North Africa

By Wattad, Nizar | Washington Report on Middle East Affairs, May 2002 | Go to article overview

North Africa


Wattad, Nizar, Washington Report on Middle East Affairs


Egypt: Tourists No Longer Targets

In a bid to increase tourism revenues, Egyptian officials are working to improve the image of the country's central region, known most recently as the hotspot where insurgents carried out nearly a dozen attacks on tourists in the early to mid-1990s. According to the March 2 Saudi Gazette, government spokesman Hussein Abdel-- Hafez insists that now, "It is stable. Everything is quite calm." Still, the government insists that armored patrols accompany the few tourists who do venture into Middle Egypt, mostly to view the area's wealth of historic sites, including ancient Egypt's 14year capital of Tell Al-Amarna. There have been no militant attacks against tourists anywhere in Egypt since 1997, when Islamic radicals killed 58 foreign visitors at a pharaonic temple in Luxor.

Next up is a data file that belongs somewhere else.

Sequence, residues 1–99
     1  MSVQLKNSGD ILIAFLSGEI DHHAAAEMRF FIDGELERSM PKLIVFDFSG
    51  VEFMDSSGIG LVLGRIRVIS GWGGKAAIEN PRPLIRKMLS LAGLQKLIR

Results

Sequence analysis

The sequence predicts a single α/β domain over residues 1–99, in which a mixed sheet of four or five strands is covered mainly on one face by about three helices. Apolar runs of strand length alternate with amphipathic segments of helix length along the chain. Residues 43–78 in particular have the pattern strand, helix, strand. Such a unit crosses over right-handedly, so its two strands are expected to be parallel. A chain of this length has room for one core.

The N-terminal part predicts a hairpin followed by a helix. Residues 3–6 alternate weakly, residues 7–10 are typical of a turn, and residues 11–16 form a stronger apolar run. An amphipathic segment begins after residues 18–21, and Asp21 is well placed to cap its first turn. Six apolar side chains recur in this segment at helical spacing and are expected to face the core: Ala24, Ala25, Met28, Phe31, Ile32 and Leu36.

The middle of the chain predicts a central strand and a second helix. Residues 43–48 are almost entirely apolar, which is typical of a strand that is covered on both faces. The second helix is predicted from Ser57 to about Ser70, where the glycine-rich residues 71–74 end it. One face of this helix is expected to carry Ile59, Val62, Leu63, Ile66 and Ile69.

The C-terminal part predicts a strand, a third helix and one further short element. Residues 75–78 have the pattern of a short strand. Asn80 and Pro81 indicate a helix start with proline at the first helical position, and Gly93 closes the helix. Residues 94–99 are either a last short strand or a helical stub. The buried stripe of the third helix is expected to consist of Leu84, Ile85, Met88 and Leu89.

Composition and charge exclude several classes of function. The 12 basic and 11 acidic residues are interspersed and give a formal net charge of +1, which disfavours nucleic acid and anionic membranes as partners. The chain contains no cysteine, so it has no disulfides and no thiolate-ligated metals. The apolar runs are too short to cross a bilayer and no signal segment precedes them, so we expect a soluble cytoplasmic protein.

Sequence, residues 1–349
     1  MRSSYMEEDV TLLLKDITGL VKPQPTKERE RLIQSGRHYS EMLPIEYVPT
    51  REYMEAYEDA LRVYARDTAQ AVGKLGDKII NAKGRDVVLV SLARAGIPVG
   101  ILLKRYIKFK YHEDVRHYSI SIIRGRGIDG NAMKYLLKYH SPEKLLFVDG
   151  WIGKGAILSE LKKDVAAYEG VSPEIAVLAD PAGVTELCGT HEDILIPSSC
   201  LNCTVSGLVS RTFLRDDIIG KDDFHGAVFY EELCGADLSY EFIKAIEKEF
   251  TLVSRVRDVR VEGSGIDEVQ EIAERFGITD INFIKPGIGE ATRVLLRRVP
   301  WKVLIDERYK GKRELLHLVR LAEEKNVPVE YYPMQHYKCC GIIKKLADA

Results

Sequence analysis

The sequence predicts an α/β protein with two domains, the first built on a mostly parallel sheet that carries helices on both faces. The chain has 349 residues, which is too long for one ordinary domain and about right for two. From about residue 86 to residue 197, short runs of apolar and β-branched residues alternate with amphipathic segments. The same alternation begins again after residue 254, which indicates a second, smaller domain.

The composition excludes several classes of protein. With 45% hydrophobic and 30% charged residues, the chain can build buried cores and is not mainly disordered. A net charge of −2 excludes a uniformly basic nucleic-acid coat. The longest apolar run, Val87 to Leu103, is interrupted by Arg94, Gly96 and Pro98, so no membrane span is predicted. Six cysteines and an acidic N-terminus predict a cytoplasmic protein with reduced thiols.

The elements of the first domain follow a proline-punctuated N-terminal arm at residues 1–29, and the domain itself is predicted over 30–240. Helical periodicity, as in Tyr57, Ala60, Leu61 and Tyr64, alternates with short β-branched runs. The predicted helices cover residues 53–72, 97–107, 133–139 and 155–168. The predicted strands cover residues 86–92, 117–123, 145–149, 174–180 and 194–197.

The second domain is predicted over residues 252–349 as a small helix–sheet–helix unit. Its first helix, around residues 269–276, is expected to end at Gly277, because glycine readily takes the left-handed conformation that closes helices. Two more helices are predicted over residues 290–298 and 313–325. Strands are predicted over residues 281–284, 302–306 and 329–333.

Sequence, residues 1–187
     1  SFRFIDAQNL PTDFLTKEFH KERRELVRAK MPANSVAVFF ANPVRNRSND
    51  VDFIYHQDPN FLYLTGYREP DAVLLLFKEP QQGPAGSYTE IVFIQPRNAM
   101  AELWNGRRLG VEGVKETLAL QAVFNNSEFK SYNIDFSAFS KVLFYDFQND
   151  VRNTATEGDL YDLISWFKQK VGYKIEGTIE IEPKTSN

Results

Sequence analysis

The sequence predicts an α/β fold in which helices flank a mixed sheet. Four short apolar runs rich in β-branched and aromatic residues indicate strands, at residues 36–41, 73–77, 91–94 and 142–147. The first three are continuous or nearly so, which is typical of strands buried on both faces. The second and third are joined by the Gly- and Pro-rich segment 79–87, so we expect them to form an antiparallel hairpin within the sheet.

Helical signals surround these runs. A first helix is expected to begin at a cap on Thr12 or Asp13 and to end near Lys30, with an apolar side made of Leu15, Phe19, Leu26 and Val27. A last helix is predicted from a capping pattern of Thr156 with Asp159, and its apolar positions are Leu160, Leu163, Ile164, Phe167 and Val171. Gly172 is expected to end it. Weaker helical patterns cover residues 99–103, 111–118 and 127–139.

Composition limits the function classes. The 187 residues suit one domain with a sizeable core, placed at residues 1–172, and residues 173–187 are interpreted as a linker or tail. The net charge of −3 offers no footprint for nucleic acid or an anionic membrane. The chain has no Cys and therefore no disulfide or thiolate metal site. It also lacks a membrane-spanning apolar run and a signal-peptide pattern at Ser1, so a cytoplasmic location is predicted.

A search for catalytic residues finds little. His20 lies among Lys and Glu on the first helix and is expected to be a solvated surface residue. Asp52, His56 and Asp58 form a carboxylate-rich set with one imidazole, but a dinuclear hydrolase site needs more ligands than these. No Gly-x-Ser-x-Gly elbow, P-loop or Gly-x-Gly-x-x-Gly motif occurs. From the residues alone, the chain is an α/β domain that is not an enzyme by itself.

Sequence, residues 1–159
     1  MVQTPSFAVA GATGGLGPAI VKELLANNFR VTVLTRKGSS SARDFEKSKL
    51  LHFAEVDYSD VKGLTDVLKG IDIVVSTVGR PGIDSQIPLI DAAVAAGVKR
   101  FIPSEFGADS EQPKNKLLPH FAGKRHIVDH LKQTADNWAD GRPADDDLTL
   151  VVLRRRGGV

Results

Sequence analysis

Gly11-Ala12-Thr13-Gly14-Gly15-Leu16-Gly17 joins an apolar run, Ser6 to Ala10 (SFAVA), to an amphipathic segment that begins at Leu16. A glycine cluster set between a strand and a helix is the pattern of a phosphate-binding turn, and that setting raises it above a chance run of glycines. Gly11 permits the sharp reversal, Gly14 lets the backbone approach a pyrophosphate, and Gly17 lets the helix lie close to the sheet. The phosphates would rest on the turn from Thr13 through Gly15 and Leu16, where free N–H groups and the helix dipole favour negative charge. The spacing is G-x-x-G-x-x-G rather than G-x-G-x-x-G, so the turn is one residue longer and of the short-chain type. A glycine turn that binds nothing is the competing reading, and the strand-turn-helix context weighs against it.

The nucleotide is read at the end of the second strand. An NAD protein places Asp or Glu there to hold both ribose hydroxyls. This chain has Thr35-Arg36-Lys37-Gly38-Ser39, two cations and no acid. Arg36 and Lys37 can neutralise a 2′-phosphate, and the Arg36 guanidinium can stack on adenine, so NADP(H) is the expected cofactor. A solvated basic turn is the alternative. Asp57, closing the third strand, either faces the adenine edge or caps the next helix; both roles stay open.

Civilians Attacked in Sudan

According to a March I press release from CARE International, several humanitarian agencies have condemned the government of Sudan for its "intolerable" attacks on civilians in southern Sudan. The release noted several instances, including a Feb. 20 attack on a World Food Program distribution point in Bich, in the Upper Nile region, that killed 24 people and left dozens wounded. …

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